Evaluering af optagelsessystemets betydning for social mobilitet på CBS

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Evaluering af optagelsessystemets betydning for social mobilitet på CBS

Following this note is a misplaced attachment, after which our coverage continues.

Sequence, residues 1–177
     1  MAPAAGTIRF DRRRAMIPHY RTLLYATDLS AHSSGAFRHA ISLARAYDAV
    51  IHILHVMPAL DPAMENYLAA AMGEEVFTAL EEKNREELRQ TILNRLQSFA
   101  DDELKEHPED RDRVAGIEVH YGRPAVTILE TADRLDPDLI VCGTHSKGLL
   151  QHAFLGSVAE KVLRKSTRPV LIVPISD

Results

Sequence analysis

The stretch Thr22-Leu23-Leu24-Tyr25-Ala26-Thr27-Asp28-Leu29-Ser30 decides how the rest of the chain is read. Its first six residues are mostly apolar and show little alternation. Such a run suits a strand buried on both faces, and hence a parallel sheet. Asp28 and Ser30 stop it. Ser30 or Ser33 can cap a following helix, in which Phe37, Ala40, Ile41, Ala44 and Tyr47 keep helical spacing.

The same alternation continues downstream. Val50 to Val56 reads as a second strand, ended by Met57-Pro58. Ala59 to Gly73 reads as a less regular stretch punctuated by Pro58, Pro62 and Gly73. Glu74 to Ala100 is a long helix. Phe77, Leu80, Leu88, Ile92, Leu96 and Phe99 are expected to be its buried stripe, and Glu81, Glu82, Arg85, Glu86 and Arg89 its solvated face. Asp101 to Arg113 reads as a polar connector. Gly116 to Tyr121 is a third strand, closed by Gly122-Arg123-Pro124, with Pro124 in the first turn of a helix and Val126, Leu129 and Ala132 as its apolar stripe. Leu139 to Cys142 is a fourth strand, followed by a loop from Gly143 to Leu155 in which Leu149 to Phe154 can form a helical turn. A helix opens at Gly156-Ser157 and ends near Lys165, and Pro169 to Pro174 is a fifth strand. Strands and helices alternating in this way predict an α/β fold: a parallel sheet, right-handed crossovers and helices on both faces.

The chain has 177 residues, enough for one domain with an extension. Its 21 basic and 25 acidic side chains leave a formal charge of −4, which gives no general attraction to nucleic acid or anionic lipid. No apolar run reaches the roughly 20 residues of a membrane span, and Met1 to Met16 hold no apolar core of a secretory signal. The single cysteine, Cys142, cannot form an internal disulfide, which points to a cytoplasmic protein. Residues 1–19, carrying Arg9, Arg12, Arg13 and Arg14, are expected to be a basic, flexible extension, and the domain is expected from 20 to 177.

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Titel: Evaluering af optagelsessystemets betydning for social mobilitet på CBS
Forfatter: Nielsen, Michael Møller